As this will be a role with significant responsibilities, it is important that the office is held accountable outside the 5 year electoral cycle. I would support the proposal that the mayor would be answerable in the performance of his/her functions to a Dublin Assembly of 10 members. While my preference would be for these to be directly elected, in light of the need to save money, I can see a case for them being appointed from the four Dublin local authorities. However, I feel this appointment should be on the basis of a mandate obtained from Dublin voters. I would propose that on the day the mayor is elected there should be a second ballot where voters are asked which party they would like to see in the Dublin Assembly. Seats would be allocated on the basis of this vote, with the seats being filled by councilors elected to the four local authorities on the same day.

The cost argument is often used to oppose the notion of a directly elected mayor. The huge growth that Dublin has experienced over the last 15 years has often been unplanned, which has had serious consequences regarding the provision of education facilities, transport infrastructure, waste water facilities etc. There is a huge and unquantifiable cost to this – a cost in lost productivity across our city, which is many times in excess of the price of a directly elected mayor’s office.

Yours sincerely,

Roderic O’Gorman

Royal Canal Day

First catch of the day at the Royal Canal clean up organised by the Dublin City North Volunteers

I want to congratulate the Dublin City North Volunteers for organising the hugely successful Royal Canal Day last Saturday 12th October. The event saw hundreds of volunteers working across the Northside to clean ups along different sections of the Royal Canal. A very substantial amount of rubbish was shifted throughout the day.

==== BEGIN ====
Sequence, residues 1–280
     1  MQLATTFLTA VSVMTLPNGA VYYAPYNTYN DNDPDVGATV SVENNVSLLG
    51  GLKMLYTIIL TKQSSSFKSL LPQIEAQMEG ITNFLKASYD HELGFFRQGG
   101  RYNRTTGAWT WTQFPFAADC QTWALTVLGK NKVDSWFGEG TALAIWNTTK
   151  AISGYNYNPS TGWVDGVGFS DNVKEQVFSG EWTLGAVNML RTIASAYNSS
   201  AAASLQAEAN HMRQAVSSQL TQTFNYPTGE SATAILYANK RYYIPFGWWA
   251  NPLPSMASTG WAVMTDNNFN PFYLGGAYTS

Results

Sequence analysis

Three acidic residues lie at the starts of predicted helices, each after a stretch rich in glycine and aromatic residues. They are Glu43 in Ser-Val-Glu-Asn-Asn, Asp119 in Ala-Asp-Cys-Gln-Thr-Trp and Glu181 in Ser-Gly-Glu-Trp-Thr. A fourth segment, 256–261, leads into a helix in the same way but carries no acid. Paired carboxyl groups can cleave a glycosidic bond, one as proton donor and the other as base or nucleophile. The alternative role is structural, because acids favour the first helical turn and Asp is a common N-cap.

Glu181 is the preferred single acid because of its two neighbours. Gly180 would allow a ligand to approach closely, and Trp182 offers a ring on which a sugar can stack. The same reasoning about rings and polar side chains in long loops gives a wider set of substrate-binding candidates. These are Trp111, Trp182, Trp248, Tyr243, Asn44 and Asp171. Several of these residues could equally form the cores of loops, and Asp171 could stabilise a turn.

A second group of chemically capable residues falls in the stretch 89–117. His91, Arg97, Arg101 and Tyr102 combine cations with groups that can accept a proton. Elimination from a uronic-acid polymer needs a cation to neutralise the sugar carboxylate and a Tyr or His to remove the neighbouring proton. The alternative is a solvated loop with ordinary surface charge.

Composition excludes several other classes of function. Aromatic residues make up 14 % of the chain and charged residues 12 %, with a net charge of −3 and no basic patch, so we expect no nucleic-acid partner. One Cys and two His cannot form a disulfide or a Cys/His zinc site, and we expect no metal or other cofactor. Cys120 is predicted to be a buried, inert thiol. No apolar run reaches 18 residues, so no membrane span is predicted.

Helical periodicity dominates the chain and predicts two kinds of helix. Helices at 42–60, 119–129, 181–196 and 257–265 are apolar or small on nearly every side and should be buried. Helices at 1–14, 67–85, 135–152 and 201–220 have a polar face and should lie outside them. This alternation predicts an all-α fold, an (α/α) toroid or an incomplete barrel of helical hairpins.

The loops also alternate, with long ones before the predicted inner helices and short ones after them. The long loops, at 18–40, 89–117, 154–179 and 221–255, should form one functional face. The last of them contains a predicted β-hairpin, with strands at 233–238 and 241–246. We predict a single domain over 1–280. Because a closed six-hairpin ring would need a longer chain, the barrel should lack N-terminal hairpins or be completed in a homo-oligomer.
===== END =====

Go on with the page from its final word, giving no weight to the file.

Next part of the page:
Myself and the Dublin West Greens worked on a stretch between the 12th Lock Pub and Ashtown. It was good to see that this area was not heavily littered, though we did notice is considerable amount of cans and bottle thrown into the canal itself.

The Royal Canal is a huge resource for Dublin City and for the Dublin 15 area in particular. The proposal to improve the surface and lighting along the 12th Lock to Ashtown section should significantly open up the area to cyclists and walkers. However, we all can do our bit to make sure that the canal is kept and clean as possible.

Anti-social behaviour between Riverwood and Luttrell Park need to be addressed

I've asked Fingal CC to prune trees and install lighting to tackle anti-social behaviour

I’ve contacted Fingal County Council about recent anti-social behaviour and dumping on the green space between the Riverwood and Luttrell Park estates. This area is surrounded by mature trees and shrubs, but because it is so sheltered, it has become a location for anti-social behaviour.  One resident showed me where their green bin had been pulled into the trees and set on fire. I’ve also sent photos to the Council of the significant dumping that is taking place here, to indicate the scale of the problem here.

I’ve asked the Council to prune the trees in the area, so there are less places where anti-social behaviour can be concealed. I’ve also asked the Council to install a bin on the path between Riverwood Way and the Riverwood Distributor Road. Finally, I’ve suggested to the Council that extra lighting could be used in this location, to further deter anti-social behaviour.

Great No vote in Dublin West to Seanad abolition

I’m delighted that the voters of Dublin West gave such a resounding No vote to the referendum to abolish the Seanad. The No vote was 57.6%, one of the top five no votes in the country. Strong votes like this helped the No campaign to its narrow 1.7% win.

Talking to Dublin 15 residents during the campaign, there was a real feeling that this referendum was being rushed. People wanted to see some efforts to reform the Seanad before abolition was discussed.

The Government have an opportunity now to move new proposals through the Constitutional Convention. The Seanad needs to be democratically elected, but also serve as a check on Dail and Government, so as to prevent bad legislation being rushed through.